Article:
Cannes gets 'trashed' with two meaty documentaries

Deborah Cole
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German director Fatih Akin

German director Fatih Akin poses during a photo session to promote his movie "Polluting Paradise" at the 65th Cannes film festival on May 17. Akin, who lives in Hamburg, stumbled upon the scandal of a garbage landfill built just above his ancestral village in Turkey while filming "The Edge of Heaven", for which he snagged the Cannes screenplay prize in 2007

Two high-profile documentaries exposing the impact of reckless waste dumping on local communities and public health brought a dose of consciousness-raising to the Cannes glamour fest Tuesday.

"Polluting Paradise", a five-year labour of love by Turkish-German director and Cannes favourite Fatih Akin, and "Trashed", produced by British actor Jeremy Irons, question consumer society's approach to rubbish in distinct ways.

Akin, who lives in Hamburg, stumbled upon the scandal of a garbage landfill built just above his ancestral village in Turkey while filming "The Edge of Heaven", for which he snagged the Cannes screenplay prize in 2007.

Despite local protests against the dump in the idyllic tea-growing and fishing community in northeastern Turkey, it is hastily built and fails to comply with the most basic engineering and hygienic standards.

Village women are seen with their headscarves wrapped around their faces to block out the stench of the rotten rubbish as the camera lingers over mountains of refuse scavenged by birds, stray dogs and flies.

Akin traces the saga of the community's attempts to get the site repaired, if not removed entirely, after waste begins to seep into the local groundwater and retaining walls collapse.

Residents confront corrupt and incompetent officials touring the site, who make hollow pledges to take up the problem with the regional government.

Akin, who served on the Cannes jury in 2005, told AFP the film project was originally intended as a "threat" to throw his sizeable clout in Turkey and Germany to bring about a change for the villagers.

But as it became clear that nothing was being done to help them, he followed through with the documentary.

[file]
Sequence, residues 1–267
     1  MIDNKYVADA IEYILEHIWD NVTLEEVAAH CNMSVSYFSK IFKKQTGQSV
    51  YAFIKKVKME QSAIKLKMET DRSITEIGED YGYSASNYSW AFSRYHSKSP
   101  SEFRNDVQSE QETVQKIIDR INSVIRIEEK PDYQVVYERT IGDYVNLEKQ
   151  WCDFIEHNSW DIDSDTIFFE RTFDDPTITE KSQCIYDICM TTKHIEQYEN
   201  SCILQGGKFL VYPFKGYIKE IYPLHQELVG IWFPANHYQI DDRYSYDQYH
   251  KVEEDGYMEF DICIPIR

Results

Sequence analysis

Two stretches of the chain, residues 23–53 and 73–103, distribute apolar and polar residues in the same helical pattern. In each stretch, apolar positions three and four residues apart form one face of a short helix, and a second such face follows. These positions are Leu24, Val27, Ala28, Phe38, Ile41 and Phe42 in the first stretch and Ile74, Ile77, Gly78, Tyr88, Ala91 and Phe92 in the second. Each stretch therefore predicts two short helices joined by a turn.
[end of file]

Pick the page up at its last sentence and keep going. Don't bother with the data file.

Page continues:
"It's like in a street fight in a way. The fight is starting and it's not ending and you can't stop and go home in the middle of a fight," said Akin, whose dramas often focus on Turkish-Germans caught between two worlds.

"Anger is a gift, especially for cinema. It's an engine for power in a way."

Akin said it was possible to channel the massive media attention focused on Cannes toward smaller, socially relevant pictures with a message like his.

"What I like about this festival is that you have Brangelina coming here and getting all this attention but they're like the Trojan horse, inside of them there are these little very interesting films from all over the world," he said.

If "Polluting Paradise" is an intimate portrait of one community's struggle, "Trashed" by British director Candida Brady is a sweeping manifesto about the developed world's failure to find a viable answer to its waste problem.

Irons, the film's executive producer and affable on-screen narrator, hopscotches the globe to spotlight the poisonous effect that irresponsible waste management has on air, water, soil, wildlife and human health.

Trudging in wellies across filthy beaches in Lebanon, inspecting prison compost heaps in Yorkshire and touring a state-of-the-art recycling plant in San Francisco, the actor conveys disbelief at the scope of the problem and excitement about potential solutions, with a shot of rascally humour.

After over an hour surveying putrid landscapes and sullied seawater, the film looks at ways consumers can reduce their tonnes of annual waste by bringing their own bags and containers to shops and encouraging manufacturers to reduce and improve packaging.

"I had a desire to do something more useful than just endless entertainment films," said the Oscar-winning star of "Reversal of Fortune" and television's "The Borgias".

"All I'm really doing is what I can do to hopefully encourage a different way of living," he said. "We are all sinners but that doesn't mean we can't do something about it."

Irons told reporters that while such documentaries benefited from the Cannes limelight, the festival too needed a reality check now and then.

"I think it also gives a little bit more relevance to Cannes," he said.

"We watch Sacha Baron Cohen and things but actually there's an awful lot that can get better with the world. Why don't we spend a few moments of our dinner parties or drinks parties discussing them as well as whether Brad Pitt needs a haircut?"